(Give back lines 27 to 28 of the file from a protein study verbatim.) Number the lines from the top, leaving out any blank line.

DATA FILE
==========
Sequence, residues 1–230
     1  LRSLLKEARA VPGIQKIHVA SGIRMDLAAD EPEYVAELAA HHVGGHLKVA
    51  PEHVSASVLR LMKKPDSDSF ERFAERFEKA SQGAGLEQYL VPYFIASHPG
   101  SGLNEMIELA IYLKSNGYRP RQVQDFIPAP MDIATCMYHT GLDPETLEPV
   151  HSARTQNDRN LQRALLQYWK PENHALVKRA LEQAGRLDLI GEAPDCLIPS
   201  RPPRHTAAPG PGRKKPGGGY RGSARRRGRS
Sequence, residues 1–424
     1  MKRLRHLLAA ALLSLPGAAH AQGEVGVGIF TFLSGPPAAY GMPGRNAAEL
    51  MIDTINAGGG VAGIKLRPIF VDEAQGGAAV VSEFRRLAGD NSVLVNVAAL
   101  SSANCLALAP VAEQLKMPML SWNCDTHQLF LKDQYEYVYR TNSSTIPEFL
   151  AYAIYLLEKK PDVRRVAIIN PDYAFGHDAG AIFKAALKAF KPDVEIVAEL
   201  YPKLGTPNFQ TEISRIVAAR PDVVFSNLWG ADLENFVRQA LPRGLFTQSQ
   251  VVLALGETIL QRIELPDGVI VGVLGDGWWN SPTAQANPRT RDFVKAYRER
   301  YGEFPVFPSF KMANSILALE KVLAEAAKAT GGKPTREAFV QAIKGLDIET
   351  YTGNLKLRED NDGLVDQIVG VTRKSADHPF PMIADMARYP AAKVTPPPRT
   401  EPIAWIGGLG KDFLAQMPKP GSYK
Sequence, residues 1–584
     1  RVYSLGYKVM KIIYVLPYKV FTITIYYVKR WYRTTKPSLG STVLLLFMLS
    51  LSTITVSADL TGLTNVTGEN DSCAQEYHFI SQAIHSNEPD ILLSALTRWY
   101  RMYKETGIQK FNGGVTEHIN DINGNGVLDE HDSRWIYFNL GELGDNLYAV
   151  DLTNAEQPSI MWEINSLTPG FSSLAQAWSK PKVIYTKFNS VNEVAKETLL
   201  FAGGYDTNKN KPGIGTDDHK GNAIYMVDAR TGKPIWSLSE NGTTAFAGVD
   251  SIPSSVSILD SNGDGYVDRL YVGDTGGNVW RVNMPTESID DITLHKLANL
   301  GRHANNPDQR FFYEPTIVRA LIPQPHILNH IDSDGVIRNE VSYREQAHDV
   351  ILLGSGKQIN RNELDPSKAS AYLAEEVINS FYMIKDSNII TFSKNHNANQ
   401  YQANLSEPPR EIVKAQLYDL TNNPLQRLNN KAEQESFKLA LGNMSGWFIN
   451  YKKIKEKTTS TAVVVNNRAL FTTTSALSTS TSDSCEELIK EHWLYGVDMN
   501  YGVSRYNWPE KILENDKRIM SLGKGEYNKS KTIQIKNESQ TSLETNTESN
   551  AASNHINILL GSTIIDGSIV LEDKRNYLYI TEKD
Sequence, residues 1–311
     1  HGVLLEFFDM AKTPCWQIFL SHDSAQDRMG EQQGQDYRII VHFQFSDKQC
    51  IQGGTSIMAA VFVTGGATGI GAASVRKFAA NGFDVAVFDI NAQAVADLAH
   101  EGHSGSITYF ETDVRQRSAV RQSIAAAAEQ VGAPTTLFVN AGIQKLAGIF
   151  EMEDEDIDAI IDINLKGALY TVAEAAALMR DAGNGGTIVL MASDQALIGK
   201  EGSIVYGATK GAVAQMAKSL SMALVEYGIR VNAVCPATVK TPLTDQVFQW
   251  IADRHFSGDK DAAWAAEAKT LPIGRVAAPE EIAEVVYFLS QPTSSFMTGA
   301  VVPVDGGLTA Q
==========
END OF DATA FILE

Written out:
   451  YKKIKEKTTS TAVVVNNRAL FTTTSALSTS TSDSCEELIK EHWLYGVDMN
   501  YGVSRYNWPE KILENDKRIM SLGKGEYNKS KTIQIKNESQ TSLETNTESN